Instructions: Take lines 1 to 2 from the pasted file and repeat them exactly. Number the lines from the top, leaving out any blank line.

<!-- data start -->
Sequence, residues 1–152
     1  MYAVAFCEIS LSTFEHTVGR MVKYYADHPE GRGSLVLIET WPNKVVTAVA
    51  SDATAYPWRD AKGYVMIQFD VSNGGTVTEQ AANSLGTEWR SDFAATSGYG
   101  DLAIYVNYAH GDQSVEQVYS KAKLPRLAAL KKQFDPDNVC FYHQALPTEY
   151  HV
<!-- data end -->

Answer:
Sequence, residues 1–152
     1  MYAVAFCEIS LSTFEHTVGR MVKYYADHPE GRGSLVLIET WPNKVVTAVA